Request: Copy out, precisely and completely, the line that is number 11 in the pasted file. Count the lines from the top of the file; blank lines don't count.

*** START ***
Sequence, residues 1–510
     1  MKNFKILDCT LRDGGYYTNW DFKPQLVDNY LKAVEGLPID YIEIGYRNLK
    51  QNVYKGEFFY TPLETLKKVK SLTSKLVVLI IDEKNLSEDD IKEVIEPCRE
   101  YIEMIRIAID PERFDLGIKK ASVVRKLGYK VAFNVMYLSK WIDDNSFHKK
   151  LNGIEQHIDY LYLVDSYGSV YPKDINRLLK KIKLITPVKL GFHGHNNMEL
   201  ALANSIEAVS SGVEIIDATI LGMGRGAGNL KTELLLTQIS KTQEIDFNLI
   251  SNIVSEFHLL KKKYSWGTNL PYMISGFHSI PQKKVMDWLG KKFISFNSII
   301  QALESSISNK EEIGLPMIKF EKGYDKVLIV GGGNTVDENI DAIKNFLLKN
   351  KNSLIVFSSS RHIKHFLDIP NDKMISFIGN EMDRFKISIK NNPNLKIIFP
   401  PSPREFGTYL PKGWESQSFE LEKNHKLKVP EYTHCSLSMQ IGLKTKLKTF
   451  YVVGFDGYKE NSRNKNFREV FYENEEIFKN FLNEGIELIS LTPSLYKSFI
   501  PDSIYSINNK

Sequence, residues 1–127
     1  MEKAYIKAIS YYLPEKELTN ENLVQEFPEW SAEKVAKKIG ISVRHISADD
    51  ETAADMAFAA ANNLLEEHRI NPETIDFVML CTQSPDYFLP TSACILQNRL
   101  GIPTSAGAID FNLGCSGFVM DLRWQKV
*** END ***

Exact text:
   451  YVVGFDGYKE NSRNKNFREV FYENEEIFKN FLNEGIELIS LTPSLYKSFI